Influence of Self Disclosure, Perceived Stigma, And Social Support on Students’ Attitudes and Intentions to Seek Counseling
Influence of Self Disclosure, Perceived Stigma, And Social Support on Students’ Attitudes and Intentions to Seek Counseling.
The study examined the influence of self-disclosure, perceived stigma and social support on students’ attitude and intentions to seek counselling. Four hundred and ninety-nine (266 male and 233 female) undergraduates of University of Nigeria, Nsukka, aged 18 to 28years (mean age= 23.90, SD= 2.70), participated in the study. Attitude was measured using Attitude Toward Seeking Professional Psychological Help Scale while Intentions was measured using Intentions of Seeking Counselling Inventory.
Self-Disclosure, Perceived Stigma and Social Support were measured using Jourard’s Self Disclosure Questionnaire, Social Stigma for Receiving Psychological Help Scale and Multidimensional Scale of Perceived Social Support respectively. Multivariate analysis of variance showed that self-disclosure did not significantly influence students’ attitude toward seeking counselling. Perceived Stigma significantly influenced students’ attitude toward seeking counselling, F (1,498) =15.80, p<.001. Social support did not influence students’ attitude toward seeking counselling.
Self-disclosure was found to have significantly influenced students’ intentions to seek counselling, F (1,498) =14.98, p<.001. Further, perceived stigma significantly influenced students’ intentions to seek counselling, F (1,498) =14.73, p<.001. However, social support did not significantly influence their intentions to seek counselling. There was a significant interaction effect between self-disclosure and perceived stigma on attitude toward seeking counselling, F (1,498) =4.94, p<.05; Self disclosure also interacted with social support on attitudes, F (1,498) =4.50, p<.05.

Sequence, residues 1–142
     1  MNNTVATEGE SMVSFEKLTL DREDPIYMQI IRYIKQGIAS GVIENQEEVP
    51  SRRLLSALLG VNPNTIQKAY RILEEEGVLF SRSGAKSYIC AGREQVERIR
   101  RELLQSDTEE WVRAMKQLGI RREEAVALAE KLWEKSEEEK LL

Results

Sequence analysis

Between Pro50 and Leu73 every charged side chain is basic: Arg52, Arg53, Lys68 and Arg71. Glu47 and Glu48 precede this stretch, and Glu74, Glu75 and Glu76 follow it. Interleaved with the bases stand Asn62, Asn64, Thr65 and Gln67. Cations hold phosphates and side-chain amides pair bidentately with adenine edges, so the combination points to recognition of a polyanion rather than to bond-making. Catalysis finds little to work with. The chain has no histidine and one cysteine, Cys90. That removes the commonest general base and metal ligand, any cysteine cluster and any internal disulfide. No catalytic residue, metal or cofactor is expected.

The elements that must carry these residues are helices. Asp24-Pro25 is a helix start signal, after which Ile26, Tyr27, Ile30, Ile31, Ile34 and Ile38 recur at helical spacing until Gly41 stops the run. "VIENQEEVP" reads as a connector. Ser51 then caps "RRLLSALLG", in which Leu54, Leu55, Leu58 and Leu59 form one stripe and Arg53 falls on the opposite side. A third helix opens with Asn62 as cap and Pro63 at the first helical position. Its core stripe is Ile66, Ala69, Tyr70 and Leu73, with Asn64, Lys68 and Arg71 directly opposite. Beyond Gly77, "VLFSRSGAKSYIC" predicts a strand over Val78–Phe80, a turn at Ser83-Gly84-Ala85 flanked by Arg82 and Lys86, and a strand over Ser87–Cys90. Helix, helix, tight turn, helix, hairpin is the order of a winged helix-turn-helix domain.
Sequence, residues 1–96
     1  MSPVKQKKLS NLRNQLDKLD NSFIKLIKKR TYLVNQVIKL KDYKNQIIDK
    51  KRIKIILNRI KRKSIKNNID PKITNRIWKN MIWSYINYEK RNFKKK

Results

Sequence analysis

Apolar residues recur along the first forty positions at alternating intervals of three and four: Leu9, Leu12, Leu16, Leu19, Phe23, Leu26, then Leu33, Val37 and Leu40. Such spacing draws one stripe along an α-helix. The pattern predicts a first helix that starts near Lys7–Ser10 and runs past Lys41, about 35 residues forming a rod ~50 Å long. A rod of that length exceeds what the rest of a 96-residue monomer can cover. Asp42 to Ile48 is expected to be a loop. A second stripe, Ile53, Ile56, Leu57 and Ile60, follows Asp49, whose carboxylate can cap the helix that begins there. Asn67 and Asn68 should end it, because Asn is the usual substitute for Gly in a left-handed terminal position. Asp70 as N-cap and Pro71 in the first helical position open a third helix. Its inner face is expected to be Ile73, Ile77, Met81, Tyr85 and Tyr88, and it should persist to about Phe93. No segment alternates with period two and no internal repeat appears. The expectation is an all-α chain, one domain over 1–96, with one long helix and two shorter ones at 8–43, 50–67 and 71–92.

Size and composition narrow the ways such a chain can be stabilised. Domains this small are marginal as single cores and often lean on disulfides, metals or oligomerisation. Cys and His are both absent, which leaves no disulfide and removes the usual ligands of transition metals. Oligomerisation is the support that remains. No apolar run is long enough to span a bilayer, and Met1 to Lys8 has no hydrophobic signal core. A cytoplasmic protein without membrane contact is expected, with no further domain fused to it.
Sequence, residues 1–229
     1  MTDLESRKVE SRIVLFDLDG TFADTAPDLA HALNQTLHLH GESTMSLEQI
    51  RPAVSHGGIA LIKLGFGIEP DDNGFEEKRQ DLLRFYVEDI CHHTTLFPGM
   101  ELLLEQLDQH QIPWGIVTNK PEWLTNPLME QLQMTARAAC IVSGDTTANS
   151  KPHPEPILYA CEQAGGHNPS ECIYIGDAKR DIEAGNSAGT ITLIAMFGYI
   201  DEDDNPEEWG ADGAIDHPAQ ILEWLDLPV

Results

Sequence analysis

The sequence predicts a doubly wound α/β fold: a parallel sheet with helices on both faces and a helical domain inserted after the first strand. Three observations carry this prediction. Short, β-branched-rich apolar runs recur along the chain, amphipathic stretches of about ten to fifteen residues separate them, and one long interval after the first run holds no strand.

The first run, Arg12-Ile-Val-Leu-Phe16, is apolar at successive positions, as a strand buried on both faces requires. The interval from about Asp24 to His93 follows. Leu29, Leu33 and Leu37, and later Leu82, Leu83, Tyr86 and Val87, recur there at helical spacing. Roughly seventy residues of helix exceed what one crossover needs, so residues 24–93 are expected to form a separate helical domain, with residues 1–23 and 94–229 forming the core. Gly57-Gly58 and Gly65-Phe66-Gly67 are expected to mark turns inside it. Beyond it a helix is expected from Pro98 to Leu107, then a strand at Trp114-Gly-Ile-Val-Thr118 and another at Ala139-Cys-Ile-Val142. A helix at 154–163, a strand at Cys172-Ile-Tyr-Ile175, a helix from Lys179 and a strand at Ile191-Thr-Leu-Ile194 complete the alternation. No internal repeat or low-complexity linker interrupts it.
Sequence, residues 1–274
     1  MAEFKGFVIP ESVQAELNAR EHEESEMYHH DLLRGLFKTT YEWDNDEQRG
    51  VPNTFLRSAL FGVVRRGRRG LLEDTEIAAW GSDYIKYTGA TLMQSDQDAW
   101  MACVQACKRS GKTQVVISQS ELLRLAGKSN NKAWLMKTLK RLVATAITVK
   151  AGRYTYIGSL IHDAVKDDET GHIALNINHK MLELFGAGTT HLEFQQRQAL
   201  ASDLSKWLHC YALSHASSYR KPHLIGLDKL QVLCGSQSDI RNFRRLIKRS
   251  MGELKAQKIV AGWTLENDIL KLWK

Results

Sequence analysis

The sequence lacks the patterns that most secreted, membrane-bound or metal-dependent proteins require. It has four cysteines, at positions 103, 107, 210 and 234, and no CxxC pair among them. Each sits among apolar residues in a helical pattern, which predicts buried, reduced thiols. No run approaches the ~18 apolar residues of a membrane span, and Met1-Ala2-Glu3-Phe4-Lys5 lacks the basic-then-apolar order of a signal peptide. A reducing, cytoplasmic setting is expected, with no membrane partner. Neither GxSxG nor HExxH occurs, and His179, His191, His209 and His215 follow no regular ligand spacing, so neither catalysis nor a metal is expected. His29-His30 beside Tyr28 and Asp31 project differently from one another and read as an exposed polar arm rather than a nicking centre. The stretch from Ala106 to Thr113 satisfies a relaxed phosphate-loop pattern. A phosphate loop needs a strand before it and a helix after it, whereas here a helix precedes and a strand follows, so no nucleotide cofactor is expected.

The years of secondary and tertiary education are a very challenging period for youths. This is because the period is characterized by new roles and demands. The youth learns for the first time to live away from the family, get acquainted and friendly with new friends and make personal decisions regarding time use and financial management. A typical student is expected to attend classes, arrange meals, produce assignments, study for tests and examinations, deal with class- mates, contend with roommates, attend fellowship, and wash clothes and tidy surroundings, while handling all other socioeconomic demands.
In addition, they need to define their career interests, work hard to pursue it and get ready for the hustles and bustles of the labor market. The condition in most tertiary institutions in Nigeria makes it all the more stressful for students enrolled therein. Students battle with lack of adequate accommodation, survive on little cash, endure cramped classrooms, and deal with the academic loads. All these are sources of stress for the young person. One avenue through which relief from such pressures could be achieved is by seeking and utilizing counselling services.
Counselling is seen as providing advice or guidance in decision making especially in emotionally significant situations. Burks and Steffire (1979) defined counselling as helping clients understand and clarify their views about life and to learn to reach their self-determined goals through meaningful, well informed choices and through resolution of problems of an emotional or interpersonal nature. Feltham and Dryden (1993) defined counselling as a principled relationship characterized by the application of one or more psychological theories.
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